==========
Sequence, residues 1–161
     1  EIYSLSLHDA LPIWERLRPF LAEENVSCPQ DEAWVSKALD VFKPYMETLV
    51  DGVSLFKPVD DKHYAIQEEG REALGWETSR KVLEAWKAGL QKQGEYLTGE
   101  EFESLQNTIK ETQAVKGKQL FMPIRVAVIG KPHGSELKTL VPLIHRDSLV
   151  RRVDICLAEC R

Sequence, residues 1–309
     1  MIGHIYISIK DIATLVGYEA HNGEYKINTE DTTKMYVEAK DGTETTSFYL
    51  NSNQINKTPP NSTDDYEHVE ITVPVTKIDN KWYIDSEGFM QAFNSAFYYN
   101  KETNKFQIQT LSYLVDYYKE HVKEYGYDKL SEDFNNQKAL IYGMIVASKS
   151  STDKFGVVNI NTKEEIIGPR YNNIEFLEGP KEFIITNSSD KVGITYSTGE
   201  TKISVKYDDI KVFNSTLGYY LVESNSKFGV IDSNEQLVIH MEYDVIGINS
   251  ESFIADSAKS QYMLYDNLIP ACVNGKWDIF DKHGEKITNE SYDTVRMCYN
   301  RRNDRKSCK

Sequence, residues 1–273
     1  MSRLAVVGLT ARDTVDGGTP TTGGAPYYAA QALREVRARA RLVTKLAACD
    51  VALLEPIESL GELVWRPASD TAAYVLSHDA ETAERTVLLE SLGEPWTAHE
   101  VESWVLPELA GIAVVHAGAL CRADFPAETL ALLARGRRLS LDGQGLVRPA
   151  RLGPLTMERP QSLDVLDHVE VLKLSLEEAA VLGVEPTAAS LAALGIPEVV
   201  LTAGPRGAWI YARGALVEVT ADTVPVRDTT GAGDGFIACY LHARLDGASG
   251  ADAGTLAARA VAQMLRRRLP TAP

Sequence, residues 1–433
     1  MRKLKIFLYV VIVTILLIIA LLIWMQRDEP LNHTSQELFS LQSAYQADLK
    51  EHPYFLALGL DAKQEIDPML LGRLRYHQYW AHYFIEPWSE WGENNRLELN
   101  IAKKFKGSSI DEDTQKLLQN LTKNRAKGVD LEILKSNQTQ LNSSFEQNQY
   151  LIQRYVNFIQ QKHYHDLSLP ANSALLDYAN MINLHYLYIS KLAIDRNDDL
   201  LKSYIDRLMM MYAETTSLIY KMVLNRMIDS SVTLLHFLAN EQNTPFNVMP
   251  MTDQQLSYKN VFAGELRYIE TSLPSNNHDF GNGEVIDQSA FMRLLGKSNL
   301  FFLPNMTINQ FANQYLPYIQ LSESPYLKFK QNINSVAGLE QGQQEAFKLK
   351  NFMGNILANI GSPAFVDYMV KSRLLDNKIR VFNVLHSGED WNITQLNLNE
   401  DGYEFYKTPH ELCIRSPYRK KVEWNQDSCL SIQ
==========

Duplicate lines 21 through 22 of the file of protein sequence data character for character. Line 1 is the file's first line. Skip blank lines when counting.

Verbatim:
Sequence, residues 1–433
     1  MRKLKIFLYV VIVTILLIIA LLIWMQRDEP LNHTSQELFS LQSAYQADLK